Israeli Ventures

BME Capital Management

Auditing a Technology-Based "Start-up"

Written By Dr. Gideon Tolkowsky

The Need for an Audit

Technology Start Up
The unfolding of business entrepreneurship is a process that combines strategy and opportunism. On one hand, the budding venture has, or should have, a vision and a well-defined strategy for pursuing it – which are normally embedded in its business plan. On the other hand, reality continuously poses some opportunities and annihilates other, thus demanding the business to constantly adapt. The latter, opportunistic force of nature is particularly potent in the case of start up companies, for 'positive' as well as 'negative' reasons. Positively, a start up is nimble and can easily change course in response to opportunities that come its way. Negatively, a start up is short in resources and lacks the staying power to test the validity of an existing plan for long, in the absence of supportive results. Consequently, the management of a start up is constantly in the midst of a tug-of-war between two conflicting forces: The desire and need to tenaciously sink its teeth in a goal and not let go, in spite of discouraging 'noise'; and the desire and need to adapt and nimbly exploit new opportunities. This 'tug-of-war' pronouncedly necessitates to, every once in a while, audit the budding venture's business plan and operations. The purpose would be to question the original plan and re-validate it or, alternatively, modify it; and to assess the coherence between plan and deeds. The need to audit is amplified by ever new challenges that the company faces as a result of its own growth, some of which may have not been adequately addressed in its original plan – be it for lack of experience or for circumstantial changes that have taken place since then. The purpose of this document is to propose a methodology for such audit.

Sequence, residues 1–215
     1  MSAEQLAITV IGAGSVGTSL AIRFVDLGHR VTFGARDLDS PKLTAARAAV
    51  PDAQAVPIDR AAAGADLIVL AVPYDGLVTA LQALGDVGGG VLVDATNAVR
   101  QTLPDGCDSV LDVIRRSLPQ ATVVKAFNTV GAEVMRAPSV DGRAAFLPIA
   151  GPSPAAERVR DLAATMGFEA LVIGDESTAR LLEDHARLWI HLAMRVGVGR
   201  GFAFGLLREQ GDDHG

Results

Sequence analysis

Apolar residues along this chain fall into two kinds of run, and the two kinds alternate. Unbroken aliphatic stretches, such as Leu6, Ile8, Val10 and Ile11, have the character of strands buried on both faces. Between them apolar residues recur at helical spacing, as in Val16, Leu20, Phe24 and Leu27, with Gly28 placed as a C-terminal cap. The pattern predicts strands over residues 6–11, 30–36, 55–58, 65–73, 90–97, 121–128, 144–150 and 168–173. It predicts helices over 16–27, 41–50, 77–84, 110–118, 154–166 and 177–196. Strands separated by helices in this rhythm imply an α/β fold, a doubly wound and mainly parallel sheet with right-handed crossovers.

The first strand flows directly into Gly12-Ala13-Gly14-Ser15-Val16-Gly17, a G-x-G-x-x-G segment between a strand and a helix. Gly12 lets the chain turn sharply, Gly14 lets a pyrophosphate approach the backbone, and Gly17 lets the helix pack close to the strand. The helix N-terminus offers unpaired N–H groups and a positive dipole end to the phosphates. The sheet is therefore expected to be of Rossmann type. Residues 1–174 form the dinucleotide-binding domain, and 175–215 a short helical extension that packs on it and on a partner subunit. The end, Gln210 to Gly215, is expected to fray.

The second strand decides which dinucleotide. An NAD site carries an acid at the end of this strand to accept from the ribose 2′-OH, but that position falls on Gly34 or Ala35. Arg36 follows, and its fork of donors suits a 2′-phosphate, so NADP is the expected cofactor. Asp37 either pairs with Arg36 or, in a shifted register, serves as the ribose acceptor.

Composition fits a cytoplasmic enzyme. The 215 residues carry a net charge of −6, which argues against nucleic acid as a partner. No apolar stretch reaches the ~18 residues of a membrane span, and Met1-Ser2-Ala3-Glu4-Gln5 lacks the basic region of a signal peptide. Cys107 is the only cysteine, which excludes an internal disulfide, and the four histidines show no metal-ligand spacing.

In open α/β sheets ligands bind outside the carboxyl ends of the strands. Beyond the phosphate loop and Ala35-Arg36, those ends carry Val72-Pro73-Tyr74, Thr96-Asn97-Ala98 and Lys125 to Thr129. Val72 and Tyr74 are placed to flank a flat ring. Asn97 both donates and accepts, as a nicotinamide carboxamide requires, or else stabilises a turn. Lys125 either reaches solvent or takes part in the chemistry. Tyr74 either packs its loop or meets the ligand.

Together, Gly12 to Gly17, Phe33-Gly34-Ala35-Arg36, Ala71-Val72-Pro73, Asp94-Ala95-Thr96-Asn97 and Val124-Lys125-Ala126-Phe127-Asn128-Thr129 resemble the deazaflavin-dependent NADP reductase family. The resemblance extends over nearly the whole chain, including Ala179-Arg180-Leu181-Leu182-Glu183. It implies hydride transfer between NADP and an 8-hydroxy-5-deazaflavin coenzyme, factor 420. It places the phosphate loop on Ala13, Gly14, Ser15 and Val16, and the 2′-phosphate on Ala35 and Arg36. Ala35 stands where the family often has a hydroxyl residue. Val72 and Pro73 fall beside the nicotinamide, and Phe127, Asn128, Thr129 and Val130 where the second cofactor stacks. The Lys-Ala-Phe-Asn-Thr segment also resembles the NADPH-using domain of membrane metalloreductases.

The Core Business